Police investigate motive in Appomattox killings

From Staff, AP reports
Posted by Phil Riggan – email

APPOMATTOX, VA (WWBT) – Although police won't confirm it, friends, family and court records suggest 39-year-old Christopher Speight was in a battle with his sister over property, their mother had left them jointly when she passed away in 2006.

At issue are the 34 acres of wooded farmland and a 3-bedroom house in Appomattox, which had been long occupied by Speight. But according to court documents, was co-owned by his younger sister, Lauralee Sipe.

About a year ago, his sister, her husband and their children left Georgia and moved in with him.

According to friends, soon after arriving, they offered to help Christopher build a second house on the land, where he could live.

This apparently caused great anxiety in the house. The accused shooter told people he felt he was being pushed out of his own house.

Speight was charged late Wednesday with one count of murder and is likely to face additional charges.

State police identified the victims as Lauralee and Dewayne Sipes, both 38, along with 16-year-old Ronald Scruggs; 15-year-old Emily Quarles; 43-year-old Karen and Jonathan Quarles; 15-year-old Morgan Dobyns; and 4-year-old Joshua Sipe.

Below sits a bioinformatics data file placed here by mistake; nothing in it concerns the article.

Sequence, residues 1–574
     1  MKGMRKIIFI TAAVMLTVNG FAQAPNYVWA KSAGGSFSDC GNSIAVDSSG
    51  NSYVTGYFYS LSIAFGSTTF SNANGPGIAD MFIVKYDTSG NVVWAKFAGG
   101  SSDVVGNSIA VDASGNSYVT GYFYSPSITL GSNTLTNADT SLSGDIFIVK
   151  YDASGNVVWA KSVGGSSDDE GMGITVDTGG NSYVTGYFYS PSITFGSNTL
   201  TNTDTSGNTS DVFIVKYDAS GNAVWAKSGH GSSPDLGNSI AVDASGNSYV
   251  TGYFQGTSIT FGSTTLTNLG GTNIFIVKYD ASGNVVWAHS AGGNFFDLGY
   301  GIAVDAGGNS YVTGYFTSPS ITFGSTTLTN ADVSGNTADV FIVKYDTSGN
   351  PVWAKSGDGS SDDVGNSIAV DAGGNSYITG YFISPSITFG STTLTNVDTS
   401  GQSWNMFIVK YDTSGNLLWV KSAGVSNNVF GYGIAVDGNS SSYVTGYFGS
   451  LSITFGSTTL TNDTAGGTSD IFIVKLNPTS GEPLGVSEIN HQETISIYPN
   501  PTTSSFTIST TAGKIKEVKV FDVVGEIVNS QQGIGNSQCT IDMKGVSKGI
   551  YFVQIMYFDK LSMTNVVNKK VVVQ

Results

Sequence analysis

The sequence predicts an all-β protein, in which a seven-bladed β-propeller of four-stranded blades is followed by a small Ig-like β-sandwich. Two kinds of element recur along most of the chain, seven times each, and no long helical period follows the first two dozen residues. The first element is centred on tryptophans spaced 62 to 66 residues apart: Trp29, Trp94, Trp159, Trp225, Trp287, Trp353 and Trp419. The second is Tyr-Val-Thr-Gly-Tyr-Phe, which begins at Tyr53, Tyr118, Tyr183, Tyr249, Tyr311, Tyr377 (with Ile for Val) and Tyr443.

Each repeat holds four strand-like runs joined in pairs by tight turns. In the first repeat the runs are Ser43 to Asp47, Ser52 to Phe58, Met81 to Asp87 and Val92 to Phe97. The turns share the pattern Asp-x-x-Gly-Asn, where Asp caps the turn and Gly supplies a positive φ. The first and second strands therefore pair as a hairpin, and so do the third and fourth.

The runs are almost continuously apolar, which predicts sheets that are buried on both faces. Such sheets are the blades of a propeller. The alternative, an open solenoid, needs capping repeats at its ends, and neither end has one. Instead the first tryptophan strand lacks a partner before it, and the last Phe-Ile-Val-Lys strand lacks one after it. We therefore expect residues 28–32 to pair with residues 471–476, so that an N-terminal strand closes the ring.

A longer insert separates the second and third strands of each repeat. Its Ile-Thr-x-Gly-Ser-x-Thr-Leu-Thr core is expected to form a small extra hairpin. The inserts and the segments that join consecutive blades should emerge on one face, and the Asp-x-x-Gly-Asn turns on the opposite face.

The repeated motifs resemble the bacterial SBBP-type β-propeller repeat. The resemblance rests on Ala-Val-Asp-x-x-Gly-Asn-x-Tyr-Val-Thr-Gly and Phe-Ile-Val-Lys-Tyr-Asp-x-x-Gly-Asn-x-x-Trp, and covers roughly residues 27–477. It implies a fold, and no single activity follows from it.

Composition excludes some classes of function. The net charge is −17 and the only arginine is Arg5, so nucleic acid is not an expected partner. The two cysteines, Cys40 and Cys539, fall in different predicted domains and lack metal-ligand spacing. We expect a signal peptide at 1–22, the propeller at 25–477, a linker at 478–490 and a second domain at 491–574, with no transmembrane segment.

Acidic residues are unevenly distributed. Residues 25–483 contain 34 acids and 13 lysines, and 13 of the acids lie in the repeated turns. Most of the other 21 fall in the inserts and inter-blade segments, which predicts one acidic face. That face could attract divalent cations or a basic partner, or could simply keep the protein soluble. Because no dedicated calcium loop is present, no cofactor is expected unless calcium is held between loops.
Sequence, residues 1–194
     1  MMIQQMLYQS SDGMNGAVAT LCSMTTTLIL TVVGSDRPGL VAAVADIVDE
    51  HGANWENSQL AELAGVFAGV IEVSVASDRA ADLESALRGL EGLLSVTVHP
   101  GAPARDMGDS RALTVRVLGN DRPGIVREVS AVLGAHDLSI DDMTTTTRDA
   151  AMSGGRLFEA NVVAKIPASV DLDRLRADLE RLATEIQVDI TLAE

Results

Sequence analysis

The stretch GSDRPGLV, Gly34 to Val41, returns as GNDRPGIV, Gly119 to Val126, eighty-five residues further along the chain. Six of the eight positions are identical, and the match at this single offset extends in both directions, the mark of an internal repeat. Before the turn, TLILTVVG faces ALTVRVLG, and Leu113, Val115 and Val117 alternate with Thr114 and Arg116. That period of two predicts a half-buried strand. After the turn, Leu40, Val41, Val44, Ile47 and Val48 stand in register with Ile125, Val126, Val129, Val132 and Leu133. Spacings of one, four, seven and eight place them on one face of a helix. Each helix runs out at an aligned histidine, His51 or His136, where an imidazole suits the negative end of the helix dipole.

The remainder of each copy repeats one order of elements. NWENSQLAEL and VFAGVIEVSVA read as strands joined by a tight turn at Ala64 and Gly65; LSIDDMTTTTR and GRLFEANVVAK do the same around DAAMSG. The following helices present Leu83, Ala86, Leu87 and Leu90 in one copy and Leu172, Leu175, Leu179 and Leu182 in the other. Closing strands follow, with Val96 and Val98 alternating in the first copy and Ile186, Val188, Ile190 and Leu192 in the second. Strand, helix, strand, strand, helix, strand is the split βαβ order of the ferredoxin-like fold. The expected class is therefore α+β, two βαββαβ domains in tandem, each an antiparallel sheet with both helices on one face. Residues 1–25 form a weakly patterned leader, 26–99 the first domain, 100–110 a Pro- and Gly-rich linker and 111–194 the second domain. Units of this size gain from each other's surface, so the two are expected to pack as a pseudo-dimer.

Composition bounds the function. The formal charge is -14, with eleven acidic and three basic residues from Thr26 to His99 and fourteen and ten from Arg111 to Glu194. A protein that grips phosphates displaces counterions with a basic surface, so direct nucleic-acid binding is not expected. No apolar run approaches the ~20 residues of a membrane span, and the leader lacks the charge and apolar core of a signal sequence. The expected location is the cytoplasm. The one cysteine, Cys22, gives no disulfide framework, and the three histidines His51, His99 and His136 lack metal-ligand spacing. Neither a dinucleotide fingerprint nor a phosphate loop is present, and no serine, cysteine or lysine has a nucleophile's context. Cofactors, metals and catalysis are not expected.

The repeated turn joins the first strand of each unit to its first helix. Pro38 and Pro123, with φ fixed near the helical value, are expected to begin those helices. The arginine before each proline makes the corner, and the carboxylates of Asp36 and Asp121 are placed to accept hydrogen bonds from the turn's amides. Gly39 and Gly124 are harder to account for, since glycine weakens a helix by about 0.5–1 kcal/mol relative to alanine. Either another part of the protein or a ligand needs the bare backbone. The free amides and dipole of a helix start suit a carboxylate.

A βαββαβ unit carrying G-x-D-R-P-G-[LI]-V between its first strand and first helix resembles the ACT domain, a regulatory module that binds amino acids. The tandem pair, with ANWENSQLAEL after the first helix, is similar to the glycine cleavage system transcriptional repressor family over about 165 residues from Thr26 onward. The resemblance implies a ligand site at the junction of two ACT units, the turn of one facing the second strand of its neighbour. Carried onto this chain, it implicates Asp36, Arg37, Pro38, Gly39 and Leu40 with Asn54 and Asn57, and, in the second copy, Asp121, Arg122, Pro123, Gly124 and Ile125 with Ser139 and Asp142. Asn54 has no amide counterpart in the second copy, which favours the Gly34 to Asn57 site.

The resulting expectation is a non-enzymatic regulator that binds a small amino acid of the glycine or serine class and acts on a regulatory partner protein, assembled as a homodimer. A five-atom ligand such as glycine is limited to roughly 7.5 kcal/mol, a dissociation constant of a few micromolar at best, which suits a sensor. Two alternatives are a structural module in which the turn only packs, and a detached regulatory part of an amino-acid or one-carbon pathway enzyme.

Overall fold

According to the Associated Press, an attorney said Speight had a history of mental problems. Lynchburg attorney Henry Devening handled legal matters for the Speight family. The owner of a market where Speight worked as a security guard says Speight was worried about his sister and brother-in-law kicking him out of the house where they all lived. The sister and brother-in-law were among the shooting victims.

But Devening says he doesn't understand how Speight could have thought that. He says Speight's sister last week signed a deed putting the Appomattox property in Speight's name.

Devening says Speight had a history of mental problems and ran away from his sister's Georgia home during a breakdown in 2007.

The three teenagers were students at Appomattox County High School, which planned to have grief counselors posted throughout the school Thursday.

Classes at Appomattox County Public Schools were delayed by two hours Thursday so staff would have time to "prepare to talk with their students about the tragedy," according to a release by the school system. Counselors were also on hand. Students are trying to plan a memorial.

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